People can say whatever they want about small towns. Yes, I've lived in small town Saskatchewan before and it could be cliquey. You either were from the community by rite of passage because your grandparents were pioneers or you were an import from away. The only time people got together was when there was a funeral, and everyone showed up, especially for the food. I'm not saying Bassano is like this, because I haven't been here long enough to see it, but what I saw last night was a community that uniquely cares for more than the arena, they care about the youth of Bassano. They didn't just raise $129,000 for a building, this was for the kids.

I'm told this what Bassano folks do. Last year the community held a benefit concert last year for the Siksika Flood victims and raised $30,000 for families displaced from their homes. The community also raised money for the swimming pool  and the Zamboni, as well. What this says to me is that Bassano is a community of generosity. It has a rich history of giving when it counts. This speaks loudly to the quality of a community when they can come together for an evening and give so generously. My wife and I feel particularly blessed to have the opportunity to come to Bassano and hopefully become a part of this rich heritage for a long time to come. Coming from a city where crime, drugs, violence is on the rise, we have never felt safer than we do in Bassano. And people look out for one another. Last weekend, we had to run back up to Prince Albert and two different neighbours removed the snow from our driveway while we were away.

So with that experience on Saturday evening, we want to extend that opportunity to practice the virtue of generosity in the school with our students. This year we will be collecting winter coats, mitts, toques, and boots that we will be donating the Innovations Project in Brooks. If you have spare used items that are taking up space in your closet and you would like to help out folks in need, please go through those closets and send the items to the school. We would appreciate you helping us with this. There's no need for kids to be cold because they don't have the proper attire. Besides this seems like the right community to ask such a thing.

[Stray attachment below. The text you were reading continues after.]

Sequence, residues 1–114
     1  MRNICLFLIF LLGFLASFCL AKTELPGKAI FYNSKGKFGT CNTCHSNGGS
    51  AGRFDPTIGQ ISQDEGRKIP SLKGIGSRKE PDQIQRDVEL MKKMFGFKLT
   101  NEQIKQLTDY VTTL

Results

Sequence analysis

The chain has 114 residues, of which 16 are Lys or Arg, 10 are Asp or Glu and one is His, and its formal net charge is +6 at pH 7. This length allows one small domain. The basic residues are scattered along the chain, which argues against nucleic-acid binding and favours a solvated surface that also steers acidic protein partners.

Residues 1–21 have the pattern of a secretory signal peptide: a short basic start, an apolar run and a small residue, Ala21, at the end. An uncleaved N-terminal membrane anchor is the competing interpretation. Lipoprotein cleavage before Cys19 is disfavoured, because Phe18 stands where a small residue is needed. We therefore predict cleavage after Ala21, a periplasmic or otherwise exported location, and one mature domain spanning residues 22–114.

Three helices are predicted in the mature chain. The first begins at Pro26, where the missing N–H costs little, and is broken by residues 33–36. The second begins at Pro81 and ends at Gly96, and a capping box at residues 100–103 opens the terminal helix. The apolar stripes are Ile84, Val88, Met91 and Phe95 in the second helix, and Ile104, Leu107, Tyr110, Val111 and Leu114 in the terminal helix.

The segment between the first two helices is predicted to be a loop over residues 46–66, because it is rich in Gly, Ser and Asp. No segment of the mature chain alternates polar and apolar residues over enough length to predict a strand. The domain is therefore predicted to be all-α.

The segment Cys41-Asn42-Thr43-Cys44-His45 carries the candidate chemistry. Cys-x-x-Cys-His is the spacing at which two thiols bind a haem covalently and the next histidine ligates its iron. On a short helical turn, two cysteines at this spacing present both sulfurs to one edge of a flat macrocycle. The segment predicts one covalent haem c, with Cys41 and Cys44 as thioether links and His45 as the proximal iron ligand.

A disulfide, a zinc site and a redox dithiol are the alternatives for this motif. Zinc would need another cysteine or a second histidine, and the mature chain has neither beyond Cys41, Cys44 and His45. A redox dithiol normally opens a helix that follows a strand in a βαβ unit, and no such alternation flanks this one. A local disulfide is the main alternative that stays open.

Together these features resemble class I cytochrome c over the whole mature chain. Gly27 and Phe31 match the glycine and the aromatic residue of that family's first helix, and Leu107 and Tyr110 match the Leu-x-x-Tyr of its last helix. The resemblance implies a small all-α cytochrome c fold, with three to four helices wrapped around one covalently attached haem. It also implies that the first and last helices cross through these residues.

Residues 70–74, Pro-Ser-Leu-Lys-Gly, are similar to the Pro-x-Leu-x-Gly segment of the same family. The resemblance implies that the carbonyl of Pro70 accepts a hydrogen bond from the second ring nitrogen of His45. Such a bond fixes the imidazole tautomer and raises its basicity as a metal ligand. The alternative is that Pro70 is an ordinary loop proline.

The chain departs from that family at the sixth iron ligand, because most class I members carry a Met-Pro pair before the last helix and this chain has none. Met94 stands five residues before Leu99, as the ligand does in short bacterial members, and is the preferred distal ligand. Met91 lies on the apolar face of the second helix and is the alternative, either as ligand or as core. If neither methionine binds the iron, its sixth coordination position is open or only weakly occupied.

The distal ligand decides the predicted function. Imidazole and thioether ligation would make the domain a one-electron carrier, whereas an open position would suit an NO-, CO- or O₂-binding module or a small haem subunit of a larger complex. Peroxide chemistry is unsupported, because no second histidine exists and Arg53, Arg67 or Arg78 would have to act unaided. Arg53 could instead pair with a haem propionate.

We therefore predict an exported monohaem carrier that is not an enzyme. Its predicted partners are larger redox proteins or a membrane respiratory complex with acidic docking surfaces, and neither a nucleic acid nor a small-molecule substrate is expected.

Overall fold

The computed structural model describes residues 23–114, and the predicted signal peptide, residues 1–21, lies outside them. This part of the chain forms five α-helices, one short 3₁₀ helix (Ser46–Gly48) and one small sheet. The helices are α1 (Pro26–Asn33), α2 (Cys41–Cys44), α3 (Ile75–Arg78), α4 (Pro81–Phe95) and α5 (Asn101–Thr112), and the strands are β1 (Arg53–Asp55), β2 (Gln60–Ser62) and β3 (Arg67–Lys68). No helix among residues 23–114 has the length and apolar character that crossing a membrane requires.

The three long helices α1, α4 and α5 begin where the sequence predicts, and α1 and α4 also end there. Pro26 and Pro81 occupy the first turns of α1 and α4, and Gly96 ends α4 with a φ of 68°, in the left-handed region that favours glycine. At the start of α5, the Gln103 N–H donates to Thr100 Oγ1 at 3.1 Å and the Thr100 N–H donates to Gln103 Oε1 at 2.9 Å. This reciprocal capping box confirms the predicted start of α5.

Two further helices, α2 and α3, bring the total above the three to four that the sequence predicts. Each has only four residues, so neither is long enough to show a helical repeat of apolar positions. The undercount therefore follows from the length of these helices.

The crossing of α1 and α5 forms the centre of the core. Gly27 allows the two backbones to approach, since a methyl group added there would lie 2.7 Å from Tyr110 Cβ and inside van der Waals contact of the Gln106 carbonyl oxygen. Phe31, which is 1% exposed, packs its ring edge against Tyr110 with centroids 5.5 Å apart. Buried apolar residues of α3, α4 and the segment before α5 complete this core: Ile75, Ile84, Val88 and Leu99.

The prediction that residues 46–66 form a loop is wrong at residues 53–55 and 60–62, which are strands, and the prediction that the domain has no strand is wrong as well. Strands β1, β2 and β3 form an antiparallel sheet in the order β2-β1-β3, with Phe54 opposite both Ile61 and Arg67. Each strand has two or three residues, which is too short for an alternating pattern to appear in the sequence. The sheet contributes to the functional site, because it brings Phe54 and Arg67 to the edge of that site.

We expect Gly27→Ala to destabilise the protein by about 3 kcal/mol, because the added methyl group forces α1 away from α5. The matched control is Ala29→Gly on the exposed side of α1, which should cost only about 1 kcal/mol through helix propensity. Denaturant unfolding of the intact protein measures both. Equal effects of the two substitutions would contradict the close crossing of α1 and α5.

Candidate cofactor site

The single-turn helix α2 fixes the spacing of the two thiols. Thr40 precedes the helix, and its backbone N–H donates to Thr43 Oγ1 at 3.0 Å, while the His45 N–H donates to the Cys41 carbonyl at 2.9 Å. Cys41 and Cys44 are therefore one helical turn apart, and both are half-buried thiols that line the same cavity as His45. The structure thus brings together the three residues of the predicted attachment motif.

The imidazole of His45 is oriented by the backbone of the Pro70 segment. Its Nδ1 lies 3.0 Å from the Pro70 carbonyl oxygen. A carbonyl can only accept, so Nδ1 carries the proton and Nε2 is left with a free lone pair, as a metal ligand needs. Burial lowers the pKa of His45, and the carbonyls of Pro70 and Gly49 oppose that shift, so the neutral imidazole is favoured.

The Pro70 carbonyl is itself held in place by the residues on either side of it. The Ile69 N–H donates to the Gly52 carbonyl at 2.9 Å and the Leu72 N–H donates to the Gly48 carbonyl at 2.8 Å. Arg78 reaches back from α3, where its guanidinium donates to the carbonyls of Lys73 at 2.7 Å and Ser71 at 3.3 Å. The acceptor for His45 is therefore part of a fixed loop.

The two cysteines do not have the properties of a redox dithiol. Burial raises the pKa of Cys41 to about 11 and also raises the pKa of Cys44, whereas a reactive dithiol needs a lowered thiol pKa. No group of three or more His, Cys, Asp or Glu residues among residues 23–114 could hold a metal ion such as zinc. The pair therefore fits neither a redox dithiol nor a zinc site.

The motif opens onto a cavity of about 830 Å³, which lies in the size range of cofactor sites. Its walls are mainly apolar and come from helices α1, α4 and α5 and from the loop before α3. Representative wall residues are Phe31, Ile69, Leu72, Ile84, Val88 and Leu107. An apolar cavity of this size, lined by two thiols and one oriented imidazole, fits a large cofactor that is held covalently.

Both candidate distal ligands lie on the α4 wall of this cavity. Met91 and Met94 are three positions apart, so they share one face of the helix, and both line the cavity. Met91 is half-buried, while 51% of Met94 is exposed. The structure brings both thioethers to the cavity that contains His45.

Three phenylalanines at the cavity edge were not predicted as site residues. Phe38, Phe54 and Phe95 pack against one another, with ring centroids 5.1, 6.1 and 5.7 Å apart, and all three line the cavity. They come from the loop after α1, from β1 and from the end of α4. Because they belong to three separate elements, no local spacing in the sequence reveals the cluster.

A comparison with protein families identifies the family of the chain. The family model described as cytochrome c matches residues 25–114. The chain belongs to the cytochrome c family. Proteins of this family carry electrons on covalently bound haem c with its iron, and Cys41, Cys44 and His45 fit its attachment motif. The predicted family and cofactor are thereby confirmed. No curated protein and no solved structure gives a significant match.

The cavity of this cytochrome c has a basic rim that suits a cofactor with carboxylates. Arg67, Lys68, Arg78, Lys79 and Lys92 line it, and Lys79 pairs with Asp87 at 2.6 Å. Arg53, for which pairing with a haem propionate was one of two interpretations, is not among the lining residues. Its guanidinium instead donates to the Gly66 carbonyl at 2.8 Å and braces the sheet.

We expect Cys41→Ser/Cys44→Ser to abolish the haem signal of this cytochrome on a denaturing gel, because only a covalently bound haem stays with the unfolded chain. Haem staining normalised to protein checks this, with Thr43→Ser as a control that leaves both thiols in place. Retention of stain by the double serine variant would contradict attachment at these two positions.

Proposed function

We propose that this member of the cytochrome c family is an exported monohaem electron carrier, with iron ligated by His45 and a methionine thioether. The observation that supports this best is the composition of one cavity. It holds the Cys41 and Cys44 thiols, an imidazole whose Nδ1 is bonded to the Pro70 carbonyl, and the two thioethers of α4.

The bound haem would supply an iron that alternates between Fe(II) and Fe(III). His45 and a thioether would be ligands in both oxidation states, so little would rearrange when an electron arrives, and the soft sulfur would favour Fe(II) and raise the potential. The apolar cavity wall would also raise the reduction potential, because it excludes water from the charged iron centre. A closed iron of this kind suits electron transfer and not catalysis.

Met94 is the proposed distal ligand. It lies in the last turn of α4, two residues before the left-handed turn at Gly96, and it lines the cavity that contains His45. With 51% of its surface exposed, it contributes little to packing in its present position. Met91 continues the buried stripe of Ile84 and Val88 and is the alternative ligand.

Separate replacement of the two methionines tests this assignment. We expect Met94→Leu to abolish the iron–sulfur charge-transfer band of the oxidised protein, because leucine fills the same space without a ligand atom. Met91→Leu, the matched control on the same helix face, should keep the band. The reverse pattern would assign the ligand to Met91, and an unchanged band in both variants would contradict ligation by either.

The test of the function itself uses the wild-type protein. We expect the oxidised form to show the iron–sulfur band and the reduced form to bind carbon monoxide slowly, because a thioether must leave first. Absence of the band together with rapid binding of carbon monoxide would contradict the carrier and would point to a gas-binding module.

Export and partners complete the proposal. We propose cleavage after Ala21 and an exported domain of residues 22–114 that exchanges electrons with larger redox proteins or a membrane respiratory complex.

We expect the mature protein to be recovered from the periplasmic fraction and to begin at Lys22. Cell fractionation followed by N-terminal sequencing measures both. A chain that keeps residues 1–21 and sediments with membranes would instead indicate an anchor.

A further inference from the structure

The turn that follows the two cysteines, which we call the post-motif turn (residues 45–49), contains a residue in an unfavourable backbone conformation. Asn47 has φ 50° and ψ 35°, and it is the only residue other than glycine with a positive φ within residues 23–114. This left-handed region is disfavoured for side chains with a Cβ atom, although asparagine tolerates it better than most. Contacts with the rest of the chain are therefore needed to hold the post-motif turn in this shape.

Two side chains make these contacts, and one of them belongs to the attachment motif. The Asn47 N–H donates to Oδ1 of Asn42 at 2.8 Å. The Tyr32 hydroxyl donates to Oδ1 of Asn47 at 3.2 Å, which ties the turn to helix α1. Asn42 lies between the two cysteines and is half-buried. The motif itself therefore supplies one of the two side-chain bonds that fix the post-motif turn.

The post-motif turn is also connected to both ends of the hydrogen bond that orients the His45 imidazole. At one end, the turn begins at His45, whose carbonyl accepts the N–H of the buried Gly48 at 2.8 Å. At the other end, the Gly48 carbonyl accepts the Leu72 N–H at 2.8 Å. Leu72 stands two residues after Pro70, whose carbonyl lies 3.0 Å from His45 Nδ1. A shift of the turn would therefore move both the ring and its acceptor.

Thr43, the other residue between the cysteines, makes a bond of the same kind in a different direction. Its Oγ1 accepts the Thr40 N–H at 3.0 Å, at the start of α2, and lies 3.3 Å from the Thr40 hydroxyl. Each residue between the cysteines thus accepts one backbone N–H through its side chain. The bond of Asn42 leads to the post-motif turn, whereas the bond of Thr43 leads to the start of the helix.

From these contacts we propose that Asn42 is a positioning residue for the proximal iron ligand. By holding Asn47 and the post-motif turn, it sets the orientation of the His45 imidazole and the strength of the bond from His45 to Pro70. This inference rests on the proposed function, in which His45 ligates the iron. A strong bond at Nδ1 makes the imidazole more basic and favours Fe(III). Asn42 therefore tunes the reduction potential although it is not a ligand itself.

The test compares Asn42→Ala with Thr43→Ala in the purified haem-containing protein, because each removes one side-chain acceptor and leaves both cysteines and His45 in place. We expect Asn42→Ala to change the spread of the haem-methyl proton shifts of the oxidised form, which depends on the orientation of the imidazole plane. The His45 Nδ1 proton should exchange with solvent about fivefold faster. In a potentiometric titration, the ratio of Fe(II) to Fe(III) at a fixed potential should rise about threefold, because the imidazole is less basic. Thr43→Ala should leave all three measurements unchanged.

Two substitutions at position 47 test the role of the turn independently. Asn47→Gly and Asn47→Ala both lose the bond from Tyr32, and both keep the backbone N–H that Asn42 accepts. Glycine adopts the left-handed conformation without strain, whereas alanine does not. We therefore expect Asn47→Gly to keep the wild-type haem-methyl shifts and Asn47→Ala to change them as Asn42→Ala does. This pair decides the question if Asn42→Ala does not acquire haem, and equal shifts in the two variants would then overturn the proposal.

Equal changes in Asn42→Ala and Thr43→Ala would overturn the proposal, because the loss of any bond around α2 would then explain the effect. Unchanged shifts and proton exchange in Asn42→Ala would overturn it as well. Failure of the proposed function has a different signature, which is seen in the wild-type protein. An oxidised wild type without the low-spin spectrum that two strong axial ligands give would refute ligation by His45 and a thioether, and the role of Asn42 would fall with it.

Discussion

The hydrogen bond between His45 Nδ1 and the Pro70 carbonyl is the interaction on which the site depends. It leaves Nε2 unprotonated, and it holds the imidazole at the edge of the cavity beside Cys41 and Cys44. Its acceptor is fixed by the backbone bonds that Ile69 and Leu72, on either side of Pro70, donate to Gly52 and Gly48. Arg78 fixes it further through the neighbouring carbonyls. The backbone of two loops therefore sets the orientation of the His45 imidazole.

We are also adopting some families that we can help out for Christmas. This is another Innovation project. In the past, we have helped out 4 families each year, and if we have enough interest, we could help more families have the kind of Christmas that many of us are fortunate to experience. You can adopt a family and either buy gifts for them or donate money. All this is done anonymously. If you want to participate, please call the school and get more information about how you can participate or call Kathy Irwin, Innovations Project directly at (403) 363-1790, or email, kathy.irwin@grasslands.ab.ca.

If you missed out participating in the arena fundraiser, these are just some ways you can help out at the school and extend our virtue of generosity throughout the community and beyond. Let's make generosity a part of our growth strategy.